The Mac mini software challenge

Like many Mac users, I only buy a Mac every few years, when my old one is hobbling along like a sick pet. So when the 450MHz Power Mac G4 I bought in 2000 seemed beyond “optimization,” a Mac mini turned out to be my perfect salve. And when I brought home my new, tiny wonder and started it up for the first time, I saw that my Applications folder was already full of useful programs. Usually, my first inclination would be to compulsively install additional apps—Microsoft Office, Adobe Photoshop, QuarkXPress, FileMaker Pro. That’s when it hit me: this Mac may have come with every application I need. This time, I’m taking the Mac mini software challenge.

That’s right—I’m not installing anything new on my new Mac mini, until I truly must. Let’s see how good a value this nice-looking bundle really is.

I figure, at work, my Mac is all tricked out and has some high-end programs (most for the demands of magazine publishing), but at home, just the basics will do. For regular personal use, I just want to listen to music, send and receive e-mail, travel the Web, chat with friends, and use a word processor to write and edit ( iTunes, Mail, Safari, iChat and TextEdit or AppleWorks, respectively). When I want to do some more-businesslike tasks like making a budget, managing my contacts, sorting out my finances, and creating a calendar, I have AppleWorks, Address Book, Quicken 2005, and iCal. (And of course, having a .Mac account enhances many of these tasks, and adds backup tools.)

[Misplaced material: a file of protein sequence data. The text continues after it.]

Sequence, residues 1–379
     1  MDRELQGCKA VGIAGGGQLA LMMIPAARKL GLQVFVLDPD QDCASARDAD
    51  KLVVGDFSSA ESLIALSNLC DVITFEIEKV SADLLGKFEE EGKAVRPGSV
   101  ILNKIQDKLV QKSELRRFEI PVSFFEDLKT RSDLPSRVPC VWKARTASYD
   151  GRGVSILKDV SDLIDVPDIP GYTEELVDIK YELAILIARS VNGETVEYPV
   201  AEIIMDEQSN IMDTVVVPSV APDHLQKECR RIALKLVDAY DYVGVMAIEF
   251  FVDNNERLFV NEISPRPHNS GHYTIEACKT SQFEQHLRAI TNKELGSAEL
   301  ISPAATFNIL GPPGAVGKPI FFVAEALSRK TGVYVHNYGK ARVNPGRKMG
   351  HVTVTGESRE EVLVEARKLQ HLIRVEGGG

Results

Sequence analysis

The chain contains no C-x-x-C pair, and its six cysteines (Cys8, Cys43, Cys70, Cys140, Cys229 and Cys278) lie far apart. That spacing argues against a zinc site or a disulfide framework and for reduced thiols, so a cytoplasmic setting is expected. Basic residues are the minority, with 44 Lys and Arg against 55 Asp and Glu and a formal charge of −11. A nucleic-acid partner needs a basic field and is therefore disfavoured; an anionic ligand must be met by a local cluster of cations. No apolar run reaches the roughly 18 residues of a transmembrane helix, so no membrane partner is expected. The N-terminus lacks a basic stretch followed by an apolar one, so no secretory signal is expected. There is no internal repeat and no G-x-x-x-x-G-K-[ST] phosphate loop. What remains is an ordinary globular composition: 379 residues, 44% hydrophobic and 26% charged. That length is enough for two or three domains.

As for generally making my Mac life easier, I can find my files with Spotlight, make useful workflows with Automator, look up movie times in Sherlock, and troubleshoot with Disk Utility. The Dictionary and Calculator have already come in handy, and Dashboard offers pretty much any little utility I need, for free.

I’m not much of a gamer, but there’s always Chess, Marble Blast Gold, and Nanosaur 2 in case I get bored.

All that, and I haven’t even mentioned iLife yet. For the time being, I’m not using iMovie or iDVD much, but there’s iPhoto for organizing my photos, and Preview for viewing common image files. And that’s about all I need at home. But as soon as I can get the new Front Row (which now comes with the new iMacs ), my Mac mini will become even more valuable to me as a home-office jukebox.

Thing is, the stock software on my Mac mini is really good software—slick, well-designed, and very useful. It’s not a bunch of fluff Apple threw at us that’s really sub-par. That said, I’m wary of AppleWorks. It has opened all the Microsoft documents I’ve needed, as it uses the MacLinkPlus translator, but it probably hasn’t been significantly updated for 10 years or so. It’s very OS 8, if you catch my meaning. To tempt me with better office software, there are 30-day trials of Microsoft Office 2004 and Apple’s iWork (which includes Pages, Apple’s new word-processing/page-layout program, and Keynote, the wonderful presentation program).

So really, there aren’t too many things I can’t do with my Mac mini. But there are some exceptions. I know I’ll miss Photoshop Elements soon, when I want to edit more photos. And my favorite utilities— St. Clair Software’s Default Folder and Publicspace.net’s MacBreakz are notably missing. Eventually, I’ll probably load numerous trial programs and buy a few other pieces of software.

But for now, it feels good to own a Mac mini as clean as the fresh-driven snow. There’s no clutter, and my little machine does everything I need. I’ll let you know how it goes.

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